1. This Abandoned Villa in Italy
After a little digging for more context, this place is rumoured to belong to Villa Pirotta in Brunate, a village on an hill over Como, Italy. This room may be inside one of several buildings on the estate, which is currently listed for sale on Sotheby’s.
Photography by Mathias Mahling found via Mansions of the Gilded Age.
2. This perfect example of 18th century miniature bookbinding
Made by Suenonius Mandelgreen in 1736 to be given as a present on the occasion of the birth of Willem van Borssele. Now it’s stored in the National Library of the Netherlands.
3. A Cow Vinery
Cow heat was a solution to the high cost of heating glasshouses found by one eccentric Victorian. In 1852, Mr. Lawson in Wales was boasting about his cow vinery. Apparently he housed his cows beneath the grapevines and used the heat from their bodies to mature the developing fruits.
Found in episode two of the vintage BBC series, The Victorian Kitchen Garden. We’ve previously posted about this series in 13 Things and highly recommend it (starting from episode 1).
4. This Excellent Heinz Commercial
Love the mustard guy.
5. Here’s why there are no Wendy’s in Europe
Due to a local Dutch snackbar owner owning the Wendy’s trademark in Europe. They have been in a legal battle for years and Dutch courts side with the snack bar every time.
Found on Gourmandize.
6. Make Bernie Sit Anywhere in the World With This Google Maps Tool
With this site, created by NYU masters student Nick Sawhney, you put an address into a text box, and then Bernie Sanders will appear, mittens and all, in that location. Found via Vice.
7. This is what the Velociraptors looked like during filming on Jurassic World before CGI was added.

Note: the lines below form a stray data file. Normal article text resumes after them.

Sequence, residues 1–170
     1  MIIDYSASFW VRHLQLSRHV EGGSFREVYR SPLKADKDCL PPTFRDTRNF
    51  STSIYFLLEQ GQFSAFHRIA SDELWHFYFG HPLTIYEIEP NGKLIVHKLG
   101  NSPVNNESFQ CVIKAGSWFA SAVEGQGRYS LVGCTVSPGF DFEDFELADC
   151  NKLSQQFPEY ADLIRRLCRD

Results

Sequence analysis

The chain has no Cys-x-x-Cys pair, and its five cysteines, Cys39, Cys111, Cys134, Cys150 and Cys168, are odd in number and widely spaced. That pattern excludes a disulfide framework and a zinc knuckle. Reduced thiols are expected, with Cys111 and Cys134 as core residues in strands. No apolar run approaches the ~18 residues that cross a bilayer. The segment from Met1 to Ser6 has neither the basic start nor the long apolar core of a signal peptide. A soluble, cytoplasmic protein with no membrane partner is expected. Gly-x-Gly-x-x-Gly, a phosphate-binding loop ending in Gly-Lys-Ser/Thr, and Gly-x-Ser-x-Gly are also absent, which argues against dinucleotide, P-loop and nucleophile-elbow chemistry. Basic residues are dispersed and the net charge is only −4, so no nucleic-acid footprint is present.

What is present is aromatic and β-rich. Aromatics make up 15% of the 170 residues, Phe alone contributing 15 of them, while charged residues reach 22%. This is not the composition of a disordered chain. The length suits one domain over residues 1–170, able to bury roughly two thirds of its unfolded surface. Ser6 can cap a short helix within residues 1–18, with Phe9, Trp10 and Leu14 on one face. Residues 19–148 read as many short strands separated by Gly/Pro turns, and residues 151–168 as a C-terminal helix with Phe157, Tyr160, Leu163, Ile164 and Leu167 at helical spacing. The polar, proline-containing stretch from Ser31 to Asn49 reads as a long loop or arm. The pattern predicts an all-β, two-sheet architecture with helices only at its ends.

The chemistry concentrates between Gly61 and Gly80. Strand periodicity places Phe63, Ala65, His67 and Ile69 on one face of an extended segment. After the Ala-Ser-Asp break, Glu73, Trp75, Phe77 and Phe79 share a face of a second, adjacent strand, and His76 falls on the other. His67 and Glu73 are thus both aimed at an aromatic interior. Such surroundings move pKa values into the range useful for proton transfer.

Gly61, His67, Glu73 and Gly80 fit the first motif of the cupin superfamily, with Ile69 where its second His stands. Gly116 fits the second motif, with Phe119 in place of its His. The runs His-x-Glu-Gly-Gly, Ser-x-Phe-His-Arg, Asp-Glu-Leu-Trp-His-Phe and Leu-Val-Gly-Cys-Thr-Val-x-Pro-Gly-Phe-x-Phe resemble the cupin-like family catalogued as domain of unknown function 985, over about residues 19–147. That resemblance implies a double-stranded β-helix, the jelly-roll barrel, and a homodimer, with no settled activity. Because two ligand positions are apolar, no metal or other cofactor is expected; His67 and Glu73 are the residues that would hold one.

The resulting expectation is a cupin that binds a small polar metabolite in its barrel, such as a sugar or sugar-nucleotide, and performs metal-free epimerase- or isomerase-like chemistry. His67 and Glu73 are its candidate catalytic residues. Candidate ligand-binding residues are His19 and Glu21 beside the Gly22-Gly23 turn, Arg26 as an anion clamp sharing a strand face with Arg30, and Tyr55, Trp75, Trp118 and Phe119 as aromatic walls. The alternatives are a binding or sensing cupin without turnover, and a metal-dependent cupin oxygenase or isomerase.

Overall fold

Found on Reddit.
8. A Strange History of Murderous Medieval Bunnies
Medieval art sure is weird (proof here).
A way to analyze these drolleries, or medieval margin illustrations, is to think about the violent role reversals as humorous symbolism. Because these animals were so low on the totem pole of fear, it was quite amusing to the medieval illustrator to draw them enacting a revenge—silly animals on the opposite side of the slaughtering. This was also a way for the artist to show the stupidity of the human who was the object of the rabbits’ anger, one who was foolish enough to be bludgeoned by bunny.
More found on This is Colossal.
9. Duelling Scars of the German Dueling Society
In Austria and Germany during the early 20th century, young men studying to be doctors or lawyers would join societies famous for brutal “duels” in which the goal was to be wounded as to secure the mark of the social elite. The dueling scar was a symbol of courage, manliness, and perhaps most important, high class…
Also known as a “bragging scars” SS officer Otto Skorzeny was well known for them, helping give rise to the popular pulp image of the sinister scar-faced Nazi. In other words, violence is never the answer.
Found on Tuesday Johnson’s Historical Indulgences.
10. This Rare Marlon Brando Interview on Civil Rights
Marlon Brandon was in the Civil Rights movement throughout his career, and later advocated for the rights of indigenous Americans. His outspoken activism, in the midst of the harshly segregated ’60s, earned him a reserved place near the podium of Martin Luther King Jr.’s 1963 “I Have a Dream”.
11. This Private Island in Norway on Airbnb
Taking bookings from January 2022. Check it out here. And don’t forget our Robinson Crusoe island on Airbnb.
12. The difference between amateurs and professionals.
Amateurs think they are good at everything. Professionals understand their circles of competence.
A Twitter thread by Shane Parrish, more found on the FS Blog.
13. Monday Morning Mood
Jerry Lewis in “The Ladies Man”, 1961. (A quick synopsis: upon losing his lover, Herbert, played by Jerry Lewis, gives up women for good and seeks a fresh start by taking a maintenance position at what appears to be an ordinary Los Angeles boarding house. To Herbert’s surprise, however, the building caters specifically to single women).